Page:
What is Big Law and What Big Law Salary You Should Expect

Law school is expensive, but your career can also lead to a high salary. If you're considering a big law career, this article will break down what your salary may look like.

When you think of high-paying jobs, there’s a good chance lawyer is on that list.

But is being a lawyer a good job? And is it worth the cost of attending law school? 

The answers kind of depend on your situation. Getting a job in big law might be one way to repay your student loan debt acquired while attending law school. If you’re interested in attending law school, consider your likely big law salary to determine whether it’s worth the price.



What is big law?

Big law is a term that refers to large law firms that generate high revenues. Often these firms are headquartered in New York or Los Angeles, with branches around the country. In many cases, a big law salary is close to $200,000  to start — larger than what you might see with a smaller, regional firm.

When you work at a big law firm, you can expect to put in grueling hours and meet high expectations. However, you could also potentially quickly pay off your law school debt with your big law salary, especially if you refinance. Let’s take a closer look at the situation.


What is an average big law salary?

According to the National Association of Law Placement, firms with more than 700 employees offer a median starting wage of $190,000 for first-year students. The median base salary, across all firs in the country, was $165,000 for 2021, which actually represents an increase from 2019.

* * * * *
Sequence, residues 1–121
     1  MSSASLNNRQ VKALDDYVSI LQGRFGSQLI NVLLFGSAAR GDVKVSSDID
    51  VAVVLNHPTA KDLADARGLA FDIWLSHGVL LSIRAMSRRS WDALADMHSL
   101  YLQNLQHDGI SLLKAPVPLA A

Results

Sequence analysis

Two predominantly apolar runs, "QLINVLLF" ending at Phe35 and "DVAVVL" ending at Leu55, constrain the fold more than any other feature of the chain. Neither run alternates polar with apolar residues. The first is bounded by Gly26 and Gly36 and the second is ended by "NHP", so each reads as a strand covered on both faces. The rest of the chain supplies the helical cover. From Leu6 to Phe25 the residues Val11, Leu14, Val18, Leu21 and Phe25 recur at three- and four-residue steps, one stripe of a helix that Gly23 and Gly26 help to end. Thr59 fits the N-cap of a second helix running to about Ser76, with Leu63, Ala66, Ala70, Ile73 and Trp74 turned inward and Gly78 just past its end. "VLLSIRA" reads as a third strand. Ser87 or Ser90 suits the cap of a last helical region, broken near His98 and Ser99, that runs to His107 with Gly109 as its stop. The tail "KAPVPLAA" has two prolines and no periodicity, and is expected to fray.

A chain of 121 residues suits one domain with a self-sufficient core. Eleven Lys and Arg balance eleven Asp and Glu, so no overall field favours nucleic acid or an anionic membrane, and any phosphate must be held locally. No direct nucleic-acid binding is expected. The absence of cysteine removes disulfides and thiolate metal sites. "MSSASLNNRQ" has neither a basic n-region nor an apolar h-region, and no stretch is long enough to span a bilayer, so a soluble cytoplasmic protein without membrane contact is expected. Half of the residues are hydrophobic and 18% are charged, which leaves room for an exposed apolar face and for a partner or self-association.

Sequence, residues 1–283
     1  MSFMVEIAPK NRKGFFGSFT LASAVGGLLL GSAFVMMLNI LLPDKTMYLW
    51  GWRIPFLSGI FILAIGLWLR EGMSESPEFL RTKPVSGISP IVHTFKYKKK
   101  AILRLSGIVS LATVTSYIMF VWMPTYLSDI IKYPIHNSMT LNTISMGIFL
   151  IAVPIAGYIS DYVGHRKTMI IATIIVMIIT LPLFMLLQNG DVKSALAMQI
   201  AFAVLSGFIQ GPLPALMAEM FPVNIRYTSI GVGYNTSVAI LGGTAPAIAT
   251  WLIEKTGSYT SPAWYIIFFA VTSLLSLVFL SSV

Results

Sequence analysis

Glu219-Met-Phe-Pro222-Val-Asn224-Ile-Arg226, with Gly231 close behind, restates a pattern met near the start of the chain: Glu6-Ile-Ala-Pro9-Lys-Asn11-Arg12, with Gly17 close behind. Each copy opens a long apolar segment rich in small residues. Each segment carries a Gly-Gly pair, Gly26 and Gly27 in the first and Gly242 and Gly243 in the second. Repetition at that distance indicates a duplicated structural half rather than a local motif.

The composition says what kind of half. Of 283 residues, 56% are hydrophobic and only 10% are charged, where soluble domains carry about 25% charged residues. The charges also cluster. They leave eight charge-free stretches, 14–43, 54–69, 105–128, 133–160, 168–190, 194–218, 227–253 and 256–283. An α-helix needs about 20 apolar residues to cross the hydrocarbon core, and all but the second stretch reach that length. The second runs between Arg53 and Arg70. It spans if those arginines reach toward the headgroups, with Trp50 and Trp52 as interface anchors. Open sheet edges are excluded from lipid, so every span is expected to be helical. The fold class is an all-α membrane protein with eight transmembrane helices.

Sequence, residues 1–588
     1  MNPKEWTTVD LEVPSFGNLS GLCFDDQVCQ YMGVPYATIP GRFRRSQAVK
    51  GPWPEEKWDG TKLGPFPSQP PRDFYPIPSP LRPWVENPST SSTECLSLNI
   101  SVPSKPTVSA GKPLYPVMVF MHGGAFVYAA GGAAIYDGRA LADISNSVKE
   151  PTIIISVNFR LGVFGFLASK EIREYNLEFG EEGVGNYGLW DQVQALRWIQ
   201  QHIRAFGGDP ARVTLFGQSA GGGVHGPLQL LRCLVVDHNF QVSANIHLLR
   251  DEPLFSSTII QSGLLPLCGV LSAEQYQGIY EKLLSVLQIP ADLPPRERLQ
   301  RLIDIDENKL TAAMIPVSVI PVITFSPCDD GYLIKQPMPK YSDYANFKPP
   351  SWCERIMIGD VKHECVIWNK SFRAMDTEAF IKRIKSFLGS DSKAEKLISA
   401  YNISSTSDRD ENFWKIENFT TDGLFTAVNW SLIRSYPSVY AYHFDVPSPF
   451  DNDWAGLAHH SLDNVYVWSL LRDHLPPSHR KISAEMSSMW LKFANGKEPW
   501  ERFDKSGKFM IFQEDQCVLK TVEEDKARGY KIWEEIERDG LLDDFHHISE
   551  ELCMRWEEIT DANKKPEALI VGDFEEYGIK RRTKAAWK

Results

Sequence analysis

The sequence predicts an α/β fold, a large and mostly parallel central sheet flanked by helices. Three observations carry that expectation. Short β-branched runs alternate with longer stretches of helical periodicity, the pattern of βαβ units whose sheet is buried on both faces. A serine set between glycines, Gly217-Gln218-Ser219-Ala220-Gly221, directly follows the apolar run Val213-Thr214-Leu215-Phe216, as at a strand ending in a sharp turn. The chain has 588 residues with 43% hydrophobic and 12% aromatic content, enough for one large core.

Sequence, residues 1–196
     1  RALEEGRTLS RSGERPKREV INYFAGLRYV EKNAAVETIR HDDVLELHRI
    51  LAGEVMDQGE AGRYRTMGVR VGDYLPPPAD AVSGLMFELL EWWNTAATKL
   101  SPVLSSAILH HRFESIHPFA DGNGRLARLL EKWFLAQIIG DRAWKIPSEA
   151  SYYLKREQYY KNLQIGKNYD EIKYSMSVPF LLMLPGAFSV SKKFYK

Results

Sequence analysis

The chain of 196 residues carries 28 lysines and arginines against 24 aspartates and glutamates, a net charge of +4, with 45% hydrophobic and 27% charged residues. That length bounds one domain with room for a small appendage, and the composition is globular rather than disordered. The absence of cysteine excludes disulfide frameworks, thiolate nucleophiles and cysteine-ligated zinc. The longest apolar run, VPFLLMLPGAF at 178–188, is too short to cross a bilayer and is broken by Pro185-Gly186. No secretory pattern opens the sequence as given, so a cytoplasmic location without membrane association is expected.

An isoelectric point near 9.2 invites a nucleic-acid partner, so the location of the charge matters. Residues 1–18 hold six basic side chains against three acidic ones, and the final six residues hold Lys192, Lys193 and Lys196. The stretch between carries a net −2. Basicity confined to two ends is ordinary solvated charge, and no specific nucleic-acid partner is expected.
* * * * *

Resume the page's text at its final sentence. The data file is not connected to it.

It’s important to note, however, that there are a few things that can impact what salary you actually receive after leaving law school:

  • Your graduating class
  • Whether you’re a first-year associate
  • Location of the firm
  • Size of the firm
  • Whether you get a signing bonus

As you look for a job, starting with a big law firm makes a lot of sense, since the starting salary is going to be higher at a big law firm. Jobs can be competitive at these firms, so it can be difficult to get hired at one of these firms, but starting out, it can be a good plan to aim for a big law firm.



Can a big law salary pay off your student loan debt?

Once you have a job as a lawyer, figuring out whether it’s going to pay off your student loan debt is a big deal. According to EducationData.org, 74.1% of law school students graduate with debt. The average amount of debt owed is $160,000 — with law school alone accounting for $118,400 of that.

When you’re deciding how to pay for law school, it’s a pretty good bet that you’ll need to borrow money. However, because a big law salary is fairly large, you also have a better chance of paying off your student loan debt in a timely fashion.

That doesn’t mean, though, that you don’t want to carefully consider your options for law school loans and figure out what works for you.


Law school loans: federal vs. private

When you go to law school, you can get Direct loans for graduate school, but you’re capped at $20,500 per year. On top of that, you might end up paying an interest rate that’s relatively high. For remaining costs, you can get a federal PLUS loan for graduate students, but the interest rate is even higher.